Today’s digital ecosystem, with its proliferation of data sources, tons of information and rapid technological changes poses a host of challenges to make the most out of data. Accessing meaningful data is no easy feat, which is why organizations are turning to data aggregation to improve their performance.
Gathering data on customers and users delivers huge benefits to organizations across all sectors. It enables marketers and analysts to learn about customers’ interests, align content to their unique preferences, and ultimately to segment and target individual users.
However, as the market offers a variety of data gathering software like data management platforms (DMP), customer data platforms (CDP), customer relationship managements (CRM) and data warehouses (DW), you need to decide which ones best suit your organization.
Some of these terms might sound puzzling, so we’ve prepared this post to make it all clear and help you better understand the meaning behind these labels.
We’ll also explain what gains they offer along with their key pros and cons.
A data warehouse serves as a central repository of integrated data which comes from various sources like transactional systems, relational databases, and many others.
What’s more, data warehousing can be performed on a specific subject area. So from a data warehouse you can create data marts, which are subsets of data stored for the distinct needs of certain teams, sections, or departments within an organization.
It’s crucial to plan data gathering so you can make the data more usable later on. But before the transactional data flows into a warehouse, it’s integrated and transformed. Once it’s stored to form a comprehensive database, it serves as a cornerstone for building reports, dashboards, analytics solutions, and other ad hoc queries.
Finally, business analysts, marketers, and other decision makers can access data through:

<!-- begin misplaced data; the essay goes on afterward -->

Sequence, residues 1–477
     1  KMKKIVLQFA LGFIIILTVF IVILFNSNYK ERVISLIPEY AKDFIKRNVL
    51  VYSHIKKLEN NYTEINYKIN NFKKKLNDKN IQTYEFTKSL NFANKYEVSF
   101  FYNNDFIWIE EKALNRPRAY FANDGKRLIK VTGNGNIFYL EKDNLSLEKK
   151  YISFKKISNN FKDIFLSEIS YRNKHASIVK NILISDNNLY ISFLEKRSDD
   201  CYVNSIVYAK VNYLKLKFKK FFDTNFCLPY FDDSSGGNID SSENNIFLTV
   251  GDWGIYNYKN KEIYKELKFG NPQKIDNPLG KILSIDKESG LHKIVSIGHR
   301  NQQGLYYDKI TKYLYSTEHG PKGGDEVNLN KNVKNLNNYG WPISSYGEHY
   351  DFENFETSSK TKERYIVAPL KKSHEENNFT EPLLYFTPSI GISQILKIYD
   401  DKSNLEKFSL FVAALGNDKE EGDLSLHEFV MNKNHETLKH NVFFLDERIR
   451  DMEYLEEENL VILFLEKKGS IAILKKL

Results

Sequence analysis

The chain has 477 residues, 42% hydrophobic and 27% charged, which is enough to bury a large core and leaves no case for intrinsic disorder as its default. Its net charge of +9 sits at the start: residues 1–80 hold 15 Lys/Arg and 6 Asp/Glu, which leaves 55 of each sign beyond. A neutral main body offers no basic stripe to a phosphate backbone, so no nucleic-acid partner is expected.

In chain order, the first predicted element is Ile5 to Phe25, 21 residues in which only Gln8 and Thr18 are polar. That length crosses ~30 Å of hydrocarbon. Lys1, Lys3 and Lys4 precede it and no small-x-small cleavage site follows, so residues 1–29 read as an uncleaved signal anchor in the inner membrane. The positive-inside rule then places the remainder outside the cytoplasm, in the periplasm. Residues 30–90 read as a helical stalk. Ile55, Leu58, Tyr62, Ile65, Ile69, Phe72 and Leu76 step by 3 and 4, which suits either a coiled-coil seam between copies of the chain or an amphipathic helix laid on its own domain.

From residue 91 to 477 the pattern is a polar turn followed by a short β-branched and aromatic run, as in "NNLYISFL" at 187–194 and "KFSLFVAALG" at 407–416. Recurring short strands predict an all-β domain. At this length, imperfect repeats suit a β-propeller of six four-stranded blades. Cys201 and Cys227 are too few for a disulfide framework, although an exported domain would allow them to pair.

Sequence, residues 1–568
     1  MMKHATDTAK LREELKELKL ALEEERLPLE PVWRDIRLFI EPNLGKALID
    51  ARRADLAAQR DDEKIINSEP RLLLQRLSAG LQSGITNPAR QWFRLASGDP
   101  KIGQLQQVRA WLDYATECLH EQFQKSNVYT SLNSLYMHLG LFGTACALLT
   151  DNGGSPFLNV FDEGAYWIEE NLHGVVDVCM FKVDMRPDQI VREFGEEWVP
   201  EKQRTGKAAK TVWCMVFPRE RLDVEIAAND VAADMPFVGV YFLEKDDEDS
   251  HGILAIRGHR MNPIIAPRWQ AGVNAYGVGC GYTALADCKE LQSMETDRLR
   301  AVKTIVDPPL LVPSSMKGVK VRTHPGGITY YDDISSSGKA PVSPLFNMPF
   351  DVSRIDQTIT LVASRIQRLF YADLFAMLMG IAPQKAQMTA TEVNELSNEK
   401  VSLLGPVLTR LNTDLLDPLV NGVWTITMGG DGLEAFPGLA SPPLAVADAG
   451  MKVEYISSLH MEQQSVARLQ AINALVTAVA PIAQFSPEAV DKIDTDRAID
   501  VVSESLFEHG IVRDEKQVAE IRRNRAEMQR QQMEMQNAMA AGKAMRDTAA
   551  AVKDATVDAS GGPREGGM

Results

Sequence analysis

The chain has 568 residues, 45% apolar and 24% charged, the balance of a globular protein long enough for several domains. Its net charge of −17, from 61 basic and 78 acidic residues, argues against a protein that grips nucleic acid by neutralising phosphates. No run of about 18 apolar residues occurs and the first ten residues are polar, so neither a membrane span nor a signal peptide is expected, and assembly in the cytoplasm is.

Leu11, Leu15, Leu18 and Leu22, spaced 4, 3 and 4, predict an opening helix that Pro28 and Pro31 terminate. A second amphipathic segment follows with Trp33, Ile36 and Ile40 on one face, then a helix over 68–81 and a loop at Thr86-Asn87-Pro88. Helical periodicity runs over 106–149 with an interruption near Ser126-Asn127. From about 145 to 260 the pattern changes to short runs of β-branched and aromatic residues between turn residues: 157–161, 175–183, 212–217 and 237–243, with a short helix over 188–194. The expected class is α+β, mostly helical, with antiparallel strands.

- Business intelligence tools
- SQL clientst
- Cther analytics software
to control business performance and make more informed decisions.
With a data warehouse you can unearth hidden patterns of data flows and process vast amounts of complex data more efficiently. The platform allows organizations to split analytical processes from operational ones, making both of them run smoother and faster. But that’s just the tip of the iceberg.
So let’s have a closer look at the advantages you can derive from this solution.
- A data warehouse allows you to tailor your analytical practices to the specific needs of your organization. For instance, you can implement your own machine learning algorithms on a data set and conduct custom analysis. While this requires some additional work and IT skills, it’s worth the investment in order to benefit from more flexible analysis.
- Data warehousing ensures that data is converted into a common standard format. In other words, even data from across the departments of an organization is standardized and consistent.Different teams, whether it’s marketing, sales, or anyone else, can use the same data repository for reporting and queries. This means that all processes are aligned within an organization.